Just because you have an idea, doesn’t mean you have a business or that it’s feasible. It’s important that you give it the reality check to ensure that there is a market, that your idea works and it will be profitable. Does your idea have the potential to succeed? Ensure you have a robust validation process to run your business idea through before you go any further.

2. Have a Plan

How’s it going to work? You need a map or blueprint that will guide your business from being a start-up through to operating as a fully established business, making a handsome profit.

3. Your Funding

Starting a small business requires money and time. How will you fund this? It may involve some initial investment, then ongoing costs as the initial cashflow can all be mostly outgoing. What are the ongoing expenses, do you have sufficient cash reserves, when will it start making a profit and paying you a wage? Spreadsheet all the potential costs for your business ie.  production, equipment, professionals fees, insurance, marketing, trademarks, permits, rents, wages etc. Have your plan and funding predictions reviewed by your accountant and business professionals.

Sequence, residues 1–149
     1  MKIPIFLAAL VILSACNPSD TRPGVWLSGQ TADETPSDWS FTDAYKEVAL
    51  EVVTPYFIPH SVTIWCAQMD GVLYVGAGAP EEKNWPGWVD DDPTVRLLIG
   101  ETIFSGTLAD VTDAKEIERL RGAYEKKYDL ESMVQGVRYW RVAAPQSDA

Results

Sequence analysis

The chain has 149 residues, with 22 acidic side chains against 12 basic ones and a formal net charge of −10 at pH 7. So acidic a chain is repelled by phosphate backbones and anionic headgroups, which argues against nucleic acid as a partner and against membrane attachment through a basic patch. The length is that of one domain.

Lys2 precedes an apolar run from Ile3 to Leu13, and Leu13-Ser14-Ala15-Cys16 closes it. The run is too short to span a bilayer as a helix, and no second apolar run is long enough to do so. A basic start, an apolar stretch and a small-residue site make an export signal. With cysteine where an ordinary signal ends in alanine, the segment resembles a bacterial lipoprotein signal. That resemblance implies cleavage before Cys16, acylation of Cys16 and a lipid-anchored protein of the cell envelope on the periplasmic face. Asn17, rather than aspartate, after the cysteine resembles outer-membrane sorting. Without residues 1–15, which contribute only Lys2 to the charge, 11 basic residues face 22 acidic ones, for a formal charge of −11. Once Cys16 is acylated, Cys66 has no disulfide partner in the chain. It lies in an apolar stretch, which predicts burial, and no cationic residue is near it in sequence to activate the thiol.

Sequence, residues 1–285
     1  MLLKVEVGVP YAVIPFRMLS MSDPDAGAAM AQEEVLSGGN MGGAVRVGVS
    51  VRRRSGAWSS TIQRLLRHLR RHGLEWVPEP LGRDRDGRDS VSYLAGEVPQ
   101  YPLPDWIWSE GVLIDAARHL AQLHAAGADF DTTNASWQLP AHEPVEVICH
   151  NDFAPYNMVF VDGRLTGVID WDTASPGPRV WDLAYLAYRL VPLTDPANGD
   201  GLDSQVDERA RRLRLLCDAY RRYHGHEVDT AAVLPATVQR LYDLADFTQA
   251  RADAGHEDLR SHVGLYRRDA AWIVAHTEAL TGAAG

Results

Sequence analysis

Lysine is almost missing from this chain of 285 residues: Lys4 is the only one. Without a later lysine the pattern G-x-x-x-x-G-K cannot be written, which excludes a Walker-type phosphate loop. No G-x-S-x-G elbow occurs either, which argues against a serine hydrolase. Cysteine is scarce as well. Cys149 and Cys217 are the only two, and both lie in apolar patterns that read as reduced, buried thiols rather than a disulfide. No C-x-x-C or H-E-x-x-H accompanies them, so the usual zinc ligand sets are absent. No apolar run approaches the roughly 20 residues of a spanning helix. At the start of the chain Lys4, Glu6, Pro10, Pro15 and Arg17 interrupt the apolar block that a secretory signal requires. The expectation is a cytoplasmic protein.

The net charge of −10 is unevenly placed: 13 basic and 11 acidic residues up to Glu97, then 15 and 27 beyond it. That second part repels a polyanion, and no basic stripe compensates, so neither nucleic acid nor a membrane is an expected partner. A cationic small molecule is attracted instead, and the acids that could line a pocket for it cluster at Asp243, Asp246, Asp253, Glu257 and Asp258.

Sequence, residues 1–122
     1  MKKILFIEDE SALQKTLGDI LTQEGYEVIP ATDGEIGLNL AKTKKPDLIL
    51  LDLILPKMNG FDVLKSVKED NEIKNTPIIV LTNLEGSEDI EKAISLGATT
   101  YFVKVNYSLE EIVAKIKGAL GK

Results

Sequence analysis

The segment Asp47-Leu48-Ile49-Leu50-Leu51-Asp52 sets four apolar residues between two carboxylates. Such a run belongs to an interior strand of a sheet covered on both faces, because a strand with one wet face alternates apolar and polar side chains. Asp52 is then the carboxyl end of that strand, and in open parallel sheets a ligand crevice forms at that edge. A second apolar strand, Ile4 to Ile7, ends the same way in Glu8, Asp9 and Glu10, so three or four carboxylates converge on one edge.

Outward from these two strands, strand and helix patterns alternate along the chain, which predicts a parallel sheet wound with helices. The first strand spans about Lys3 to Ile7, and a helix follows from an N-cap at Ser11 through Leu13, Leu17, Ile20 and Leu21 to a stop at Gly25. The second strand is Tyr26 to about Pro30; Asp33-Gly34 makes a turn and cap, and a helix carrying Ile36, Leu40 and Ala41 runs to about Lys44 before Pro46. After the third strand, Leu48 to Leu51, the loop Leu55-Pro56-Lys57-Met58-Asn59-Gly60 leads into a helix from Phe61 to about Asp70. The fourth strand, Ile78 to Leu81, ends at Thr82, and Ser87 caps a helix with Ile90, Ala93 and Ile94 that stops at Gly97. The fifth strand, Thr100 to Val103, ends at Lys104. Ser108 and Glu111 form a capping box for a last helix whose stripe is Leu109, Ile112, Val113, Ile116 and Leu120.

4. Choose a Structure

How will you trade? As sole trader, in a partnership, or a limited liability company? Your accountant will help here as there are many factors from legal requirements, your business name, partnership agreements, your liability, reporting and taxes.

5. Have Systems

As well as developing your product or service and market, you will need to manage the day-to-day running of the business. To make it easy from day one; adopt an Accounting system such as Xero or MYOB, and if you have employees put in place a Payroll system. This will save you time and money, and enable you to easily see if you are on track.

6. Get Set Up